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Assumption College’s saintly statue refreshed

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Max Davies
Max Davies
Max is a journalist for the North Central Review. He joined the paper as a cadet journalist in 2021 and graduated from La Trobe University in 2023. He takes a keen interest in motorsport and the automotive industry.

Assumption College Kilmore’s statue of Saint Marcellin Champagnat has been restored after multiple years in disrepair.

Previously standing for a long time in the Fourviere Courtyard, the surrounding building and courtyard underwent a major refurbishment in 2015.

The Champagnat statue had been in the courtyard in a state of disrepair for several years, leading to the decision to commission a new statue that reflected the more accurate drawings of Champagnat that were released at the time of his Canonisation in 1999.   

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The statue that was commissioned decades ago was based on a painting of Champagnat made after his death in 1840.

The new version was based on his passport’s description and facial recognition software applied to the original painting and the faces of descendants of the Champagnat family.

Champagnat was a Marist priest born in 1789, who after his ordination was concerned by the isolation and lack of education in many of France’s rural areas at the time.

He acted to improve the situation surrounding Catholic teaching, however on his first day at school he witnessed the poor treatment of a student by a teacher – souring his thoughts on education.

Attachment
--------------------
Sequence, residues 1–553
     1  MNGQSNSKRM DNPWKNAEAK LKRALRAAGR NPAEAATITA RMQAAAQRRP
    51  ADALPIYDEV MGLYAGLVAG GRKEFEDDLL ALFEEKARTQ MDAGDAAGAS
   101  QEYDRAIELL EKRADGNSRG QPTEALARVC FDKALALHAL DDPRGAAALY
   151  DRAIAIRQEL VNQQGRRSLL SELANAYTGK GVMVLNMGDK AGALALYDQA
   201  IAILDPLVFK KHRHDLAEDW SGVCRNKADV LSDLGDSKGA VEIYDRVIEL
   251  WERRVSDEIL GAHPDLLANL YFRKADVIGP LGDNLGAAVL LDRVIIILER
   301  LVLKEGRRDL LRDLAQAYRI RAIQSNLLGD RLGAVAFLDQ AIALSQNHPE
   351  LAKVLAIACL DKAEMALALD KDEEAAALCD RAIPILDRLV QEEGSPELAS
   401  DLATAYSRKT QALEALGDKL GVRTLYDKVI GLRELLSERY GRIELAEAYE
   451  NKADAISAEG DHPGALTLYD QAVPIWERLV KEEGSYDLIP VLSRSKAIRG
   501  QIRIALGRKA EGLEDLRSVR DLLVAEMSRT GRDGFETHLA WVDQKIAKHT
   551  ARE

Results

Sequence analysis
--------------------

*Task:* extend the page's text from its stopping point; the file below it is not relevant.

It was from that incident that he and two other men worked to form the Marist Brothers in 1817, which now incorporates more than 600 schools worldwide including Assumption College.

The old, damaged statue was housed in Assumption’s maintenance area for eight years before Kilmore woodworker and sculptor Greg Stute offered to attempt the restoration.

Mr Stute said working with the concrete statue was a new experience and added to his portfolio of other pieces around Kilmore.

“It was a good little project to do. I’ve got quite a few projects here so at least for myself I know that I’ve actually contributed something to the school,” he said.

“If you drive past or you go to Assumption and you see it sitting there, you know that you’ve contributed to that. Otherwise, it would’ve just been broken and put into landfill and then that bit of history is lost forever.”

Mr Stute thanked Matt Gibson from Amos Painting and John Knight from ASAP Bins for their contributions to the project.

The final location of the restored statue is currently undecided, however it could end up at the College’s boarding precinct in recognition of the area’s historical significance.

After removing seven coats of paint and repairing the cracks and voids, Kilmore’s Greg Stute used Haymes paint for the undercoat and final finish, and modelled a missing finger and thumb off his own hand. The 620-kilogram statue will be reinstalled at Assumption College. ​

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